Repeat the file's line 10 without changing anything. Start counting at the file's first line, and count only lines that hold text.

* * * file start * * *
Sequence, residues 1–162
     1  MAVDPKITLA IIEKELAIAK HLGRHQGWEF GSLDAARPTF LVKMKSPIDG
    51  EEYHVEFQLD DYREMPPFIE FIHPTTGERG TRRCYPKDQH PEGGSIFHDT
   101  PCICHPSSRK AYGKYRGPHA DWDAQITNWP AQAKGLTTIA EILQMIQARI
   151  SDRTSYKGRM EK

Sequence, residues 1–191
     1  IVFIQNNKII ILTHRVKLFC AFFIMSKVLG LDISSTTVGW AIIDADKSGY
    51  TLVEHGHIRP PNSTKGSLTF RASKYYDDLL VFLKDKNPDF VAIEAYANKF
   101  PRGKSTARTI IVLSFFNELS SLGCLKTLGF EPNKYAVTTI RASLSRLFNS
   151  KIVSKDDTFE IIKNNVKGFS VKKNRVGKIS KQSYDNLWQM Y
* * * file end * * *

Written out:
   151  KIVSKDDTFE IIKNNVKGFS VKKNRVGKIS KQSYDNLWQM Y